Ohio Pastor Says Churches Can Help With State’s New Law Regulating Payday Lending

Ohio’s new law regulating payday lending is an important advance, but the church plays a vital role in helping people who often become casualties of the predatory industry, Southern Baptist pastor David Gray says.
Photo courtesy of Jack Kwok

Ohio’s new law regulating payday lending is an important advance, but the church plays a vital role in helping people who often become casualties of the predatory industry, Southern Baptist pastor David Gray says.

Gov. John Kasich signed into law July 30 what some advocates have described as a model for the country in addressing abuses by lenders who often draw poor people into a debt trap by charging exorbitant, and often misleading, interest rates.

In the industry, a lender may portray an interest rate as 15 percent, but it actually is only for a two-week period until a person’s next payday. The annual interest rate in payday lending typically is about 400 percent, making it extremely difficult for a borrower to repay the loan.

The new Ohio measure says a loan of no more than $1,000 can be made for 30 days to two months, but a loan for less than 90 days cannot surpass a monthly payment of more than seven percent of a borrower’s net income per month, according to The Columbus (Ohio) Dispatch. The interest rate is capped at 28 percent, while a monthly maintenance fee cannot be more than 10 percent or $30, whichever is less, The Dispatch reported.

Gray — pastor of First Baptist Church of Garrettsville and a former president of the State Convention of Baptists in Ohio — described the law as “a good first step. It really is because people were being taken advantage of in amazing and sad ways.”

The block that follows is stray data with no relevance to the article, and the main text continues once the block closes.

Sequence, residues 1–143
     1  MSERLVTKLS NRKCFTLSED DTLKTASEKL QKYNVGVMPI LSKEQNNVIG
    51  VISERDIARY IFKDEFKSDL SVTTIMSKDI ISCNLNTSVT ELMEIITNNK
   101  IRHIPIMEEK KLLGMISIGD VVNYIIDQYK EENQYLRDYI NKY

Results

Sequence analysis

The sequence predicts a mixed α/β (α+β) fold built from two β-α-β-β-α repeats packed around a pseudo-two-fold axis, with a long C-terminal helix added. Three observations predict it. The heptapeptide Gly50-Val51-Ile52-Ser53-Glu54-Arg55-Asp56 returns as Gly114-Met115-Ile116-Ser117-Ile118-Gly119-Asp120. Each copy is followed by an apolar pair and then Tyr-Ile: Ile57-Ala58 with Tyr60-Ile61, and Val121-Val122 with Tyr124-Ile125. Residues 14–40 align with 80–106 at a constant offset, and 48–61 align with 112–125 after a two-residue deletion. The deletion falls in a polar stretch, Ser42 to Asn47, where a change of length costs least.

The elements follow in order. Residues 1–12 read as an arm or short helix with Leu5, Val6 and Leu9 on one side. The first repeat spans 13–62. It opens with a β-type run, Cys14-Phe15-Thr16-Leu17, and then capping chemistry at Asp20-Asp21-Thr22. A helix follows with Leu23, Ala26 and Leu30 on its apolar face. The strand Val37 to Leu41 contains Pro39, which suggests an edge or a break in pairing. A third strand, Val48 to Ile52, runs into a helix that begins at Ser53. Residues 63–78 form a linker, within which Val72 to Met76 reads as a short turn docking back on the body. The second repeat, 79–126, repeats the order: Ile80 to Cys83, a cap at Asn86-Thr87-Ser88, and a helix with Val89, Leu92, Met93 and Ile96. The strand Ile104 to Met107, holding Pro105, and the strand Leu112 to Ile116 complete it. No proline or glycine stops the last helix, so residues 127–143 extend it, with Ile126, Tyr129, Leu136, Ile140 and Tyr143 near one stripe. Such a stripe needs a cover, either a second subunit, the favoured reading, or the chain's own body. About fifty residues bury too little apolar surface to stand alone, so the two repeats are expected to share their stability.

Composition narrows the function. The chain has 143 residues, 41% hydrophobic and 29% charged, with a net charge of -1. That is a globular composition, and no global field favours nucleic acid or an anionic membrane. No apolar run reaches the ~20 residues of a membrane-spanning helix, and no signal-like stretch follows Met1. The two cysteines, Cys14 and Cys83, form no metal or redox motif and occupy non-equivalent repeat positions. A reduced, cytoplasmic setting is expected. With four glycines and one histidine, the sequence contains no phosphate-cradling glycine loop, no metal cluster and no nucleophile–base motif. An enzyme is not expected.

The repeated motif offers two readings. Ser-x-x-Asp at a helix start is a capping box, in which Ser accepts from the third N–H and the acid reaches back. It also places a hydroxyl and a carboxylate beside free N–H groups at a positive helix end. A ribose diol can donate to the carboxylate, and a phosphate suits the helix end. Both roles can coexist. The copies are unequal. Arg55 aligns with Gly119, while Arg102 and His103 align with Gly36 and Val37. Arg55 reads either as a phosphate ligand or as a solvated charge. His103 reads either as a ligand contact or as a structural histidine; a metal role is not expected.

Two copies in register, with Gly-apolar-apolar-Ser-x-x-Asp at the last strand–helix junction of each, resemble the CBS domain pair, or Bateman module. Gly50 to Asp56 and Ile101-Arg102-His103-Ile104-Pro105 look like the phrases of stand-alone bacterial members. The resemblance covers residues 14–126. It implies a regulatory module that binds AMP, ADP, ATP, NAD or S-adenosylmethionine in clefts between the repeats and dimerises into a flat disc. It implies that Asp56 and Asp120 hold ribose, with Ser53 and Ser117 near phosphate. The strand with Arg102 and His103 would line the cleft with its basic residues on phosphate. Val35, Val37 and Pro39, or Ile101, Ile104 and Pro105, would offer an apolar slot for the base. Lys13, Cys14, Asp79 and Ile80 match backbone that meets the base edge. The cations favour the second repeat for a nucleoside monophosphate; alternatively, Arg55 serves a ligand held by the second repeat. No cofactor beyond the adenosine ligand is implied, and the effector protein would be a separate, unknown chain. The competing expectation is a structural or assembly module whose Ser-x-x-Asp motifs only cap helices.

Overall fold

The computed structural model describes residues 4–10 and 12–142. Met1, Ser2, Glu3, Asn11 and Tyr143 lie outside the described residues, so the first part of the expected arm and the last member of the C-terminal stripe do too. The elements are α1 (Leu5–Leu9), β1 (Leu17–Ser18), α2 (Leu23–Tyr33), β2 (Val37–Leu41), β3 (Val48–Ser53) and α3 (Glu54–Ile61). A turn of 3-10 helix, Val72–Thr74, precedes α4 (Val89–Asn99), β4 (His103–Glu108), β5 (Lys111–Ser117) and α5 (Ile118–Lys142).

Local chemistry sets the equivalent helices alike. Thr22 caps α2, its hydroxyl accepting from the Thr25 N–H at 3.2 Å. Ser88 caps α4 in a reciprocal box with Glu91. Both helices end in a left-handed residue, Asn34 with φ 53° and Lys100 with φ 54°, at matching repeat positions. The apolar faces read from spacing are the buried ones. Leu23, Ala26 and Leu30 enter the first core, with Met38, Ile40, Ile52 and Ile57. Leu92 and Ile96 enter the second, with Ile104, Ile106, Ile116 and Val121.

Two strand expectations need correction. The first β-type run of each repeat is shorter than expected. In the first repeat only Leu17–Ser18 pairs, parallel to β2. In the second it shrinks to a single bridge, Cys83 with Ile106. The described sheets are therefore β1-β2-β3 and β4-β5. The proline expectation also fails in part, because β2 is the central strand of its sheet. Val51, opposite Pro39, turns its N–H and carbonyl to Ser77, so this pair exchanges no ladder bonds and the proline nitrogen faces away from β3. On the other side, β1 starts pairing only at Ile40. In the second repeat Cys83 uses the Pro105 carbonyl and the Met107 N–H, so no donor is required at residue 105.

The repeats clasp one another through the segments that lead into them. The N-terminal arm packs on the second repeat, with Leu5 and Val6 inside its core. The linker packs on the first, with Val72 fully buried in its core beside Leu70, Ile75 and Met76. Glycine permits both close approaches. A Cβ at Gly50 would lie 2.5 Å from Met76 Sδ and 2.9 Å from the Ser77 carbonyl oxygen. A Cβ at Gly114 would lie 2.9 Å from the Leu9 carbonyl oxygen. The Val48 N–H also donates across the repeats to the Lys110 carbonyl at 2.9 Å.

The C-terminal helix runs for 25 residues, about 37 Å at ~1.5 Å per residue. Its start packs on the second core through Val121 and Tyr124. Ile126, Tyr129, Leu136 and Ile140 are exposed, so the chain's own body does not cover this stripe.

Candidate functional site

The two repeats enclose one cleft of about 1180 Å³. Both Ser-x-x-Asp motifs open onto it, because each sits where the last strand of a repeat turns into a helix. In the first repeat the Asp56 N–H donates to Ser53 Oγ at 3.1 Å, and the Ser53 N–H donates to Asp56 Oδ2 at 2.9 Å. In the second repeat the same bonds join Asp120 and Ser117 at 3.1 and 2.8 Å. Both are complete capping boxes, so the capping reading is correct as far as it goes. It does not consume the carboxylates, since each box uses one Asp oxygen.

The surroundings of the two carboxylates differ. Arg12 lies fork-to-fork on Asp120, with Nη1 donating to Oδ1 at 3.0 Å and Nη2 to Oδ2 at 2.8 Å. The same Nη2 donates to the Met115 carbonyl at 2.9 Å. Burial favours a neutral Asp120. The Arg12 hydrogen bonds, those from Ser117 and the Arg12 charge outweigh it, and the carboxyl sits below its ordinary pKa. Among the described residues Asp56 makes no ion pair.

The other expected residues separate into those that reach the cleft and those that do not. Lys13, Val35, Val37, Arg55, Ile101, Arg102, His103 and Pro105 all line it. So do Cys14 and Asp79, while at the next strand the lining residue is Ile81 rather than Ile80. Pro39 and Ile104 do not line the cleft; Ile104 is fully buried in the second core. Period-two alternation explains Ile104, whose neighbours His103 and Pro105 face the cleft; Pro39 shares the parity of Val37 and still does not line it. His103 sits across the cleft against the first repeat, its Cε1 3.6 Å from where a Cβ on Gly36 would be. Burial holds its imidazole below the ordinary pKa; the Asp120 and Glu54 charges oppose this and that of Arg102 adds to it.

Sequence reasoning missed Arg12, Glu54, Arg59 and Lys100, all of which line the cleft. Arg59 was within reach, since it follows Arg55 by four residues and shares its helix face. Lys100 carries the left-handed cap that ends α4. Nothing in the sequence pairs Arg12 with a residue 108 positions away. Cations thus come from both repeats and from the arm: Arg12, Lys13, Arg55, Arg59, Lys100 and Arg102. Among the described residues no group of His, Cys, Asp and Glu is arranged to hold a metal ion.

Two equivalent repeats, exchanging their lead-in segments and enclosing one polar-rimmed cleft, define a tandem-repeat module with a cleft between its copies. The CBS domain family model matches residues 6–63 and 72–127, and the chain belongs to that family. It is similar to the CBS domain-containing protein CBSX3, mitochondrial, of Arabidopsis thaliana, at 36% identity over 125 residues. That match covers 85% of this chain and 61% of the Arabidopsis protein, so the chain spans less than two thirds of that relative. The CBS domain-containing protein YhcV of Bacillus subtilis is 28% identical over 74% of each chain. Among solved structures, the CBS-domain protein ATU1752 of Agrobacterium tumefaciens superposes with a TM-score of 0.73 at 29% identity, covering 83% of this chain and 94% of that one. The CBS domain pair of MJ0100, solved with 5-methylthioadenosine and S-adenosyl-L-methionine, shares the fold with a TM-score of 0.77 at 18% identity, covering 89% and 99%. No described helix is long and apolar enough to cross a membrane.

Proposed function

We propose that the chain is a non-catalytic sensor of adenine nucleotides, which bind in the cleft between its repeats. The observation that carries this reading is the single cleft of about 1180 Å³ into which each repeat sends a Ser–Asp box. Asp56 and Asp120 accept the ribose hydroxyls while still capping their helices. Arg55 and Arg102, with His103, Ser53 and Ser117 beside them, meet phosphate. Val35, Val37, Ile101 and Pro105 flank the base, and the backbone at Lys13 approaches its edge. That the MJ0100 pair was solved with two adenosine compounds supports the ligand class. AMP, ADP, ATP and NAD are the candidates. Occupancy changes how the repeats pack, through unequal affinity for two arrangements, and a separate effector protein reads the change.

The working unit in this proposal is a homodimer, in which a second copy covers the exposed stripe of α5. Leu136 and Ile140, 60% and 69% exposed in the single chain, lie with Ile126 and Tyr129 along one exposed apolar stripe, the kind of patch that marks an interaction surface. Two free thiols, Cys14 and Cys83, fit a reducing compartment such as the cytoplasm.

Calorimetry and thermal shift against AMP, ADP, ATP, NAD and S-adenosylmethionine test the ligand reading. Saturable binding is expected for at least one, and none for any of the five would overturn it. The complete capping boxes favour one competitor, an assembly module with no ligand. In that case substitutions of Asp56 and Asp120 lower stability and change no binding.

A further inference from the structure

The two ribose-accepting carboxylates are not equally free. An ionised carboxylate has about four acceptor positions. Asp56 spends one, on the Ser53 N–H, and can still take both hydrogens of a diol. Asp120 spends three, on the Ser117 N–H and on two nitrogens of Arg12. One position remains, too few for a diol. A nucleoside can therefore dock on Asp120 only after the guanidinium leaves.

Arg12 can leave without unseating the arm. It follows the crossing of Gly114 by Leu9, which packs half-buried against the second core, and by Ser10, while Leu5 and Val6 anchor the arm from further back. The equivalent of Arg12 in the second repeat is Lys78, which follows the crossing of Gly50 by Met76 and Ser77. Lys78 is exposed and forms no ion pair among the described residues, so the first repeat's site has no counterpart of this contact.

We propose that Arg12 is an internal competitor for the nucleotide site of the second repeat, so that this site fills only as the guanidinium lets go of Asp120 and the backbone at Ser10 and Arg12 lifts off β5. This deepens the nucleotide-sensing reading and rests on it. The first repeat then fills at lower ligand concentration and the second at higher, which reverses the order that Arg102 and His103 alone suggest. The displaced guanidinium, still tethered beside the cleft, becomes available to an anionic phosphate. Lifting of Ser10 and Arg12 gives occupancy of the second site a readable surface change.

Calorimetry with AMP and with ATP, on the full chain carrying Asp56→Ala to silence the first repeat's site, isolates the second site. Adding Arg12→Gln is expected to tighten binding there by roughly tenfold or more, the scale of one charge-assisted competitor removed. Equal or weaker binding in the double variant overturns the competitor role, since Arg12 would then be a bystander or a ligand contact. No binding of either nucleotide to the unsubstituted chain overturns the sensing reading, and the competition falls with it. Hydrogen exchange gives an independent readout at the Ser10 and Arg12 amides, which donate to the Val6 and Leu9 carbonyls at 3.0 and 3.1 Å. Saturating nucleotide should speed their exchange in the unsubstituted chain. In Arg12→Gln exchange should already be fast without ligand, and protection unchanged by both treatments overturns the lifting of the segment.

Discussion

The Fairness in Lending Act is “the beginning of an answer,” but the real “answer is with the church speaking to its people and teaching them how to not fall into the trap that payday lenders give,” Gray told Baptist Press in a phone interview. “You know, easy money is never easy. And that’s really the great challenge that we have — that a person thinks they’re solving a problem and they go about it in a short-term way. And that short-term way is extremely destructive, and so it makes for opportunists to really get ahold of a community.”

Jack Helton, executive director of The Ohio Baptist Foundation, told BP in written comments, “Anytime institutional lending legislation can provide assistance in helping a consumer deal with the stress of financial difficulties, and do so by providing opportunities for them to seek equitable financial solutions that are beneficial to them and their families, and encompass a fair and reasonable profit for the lending institution that does not include greed, that legislation should be enacted, promoted and championed. I believe this legislation accomplishes that!”

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SOURCE: Baptist Press, Tom Strode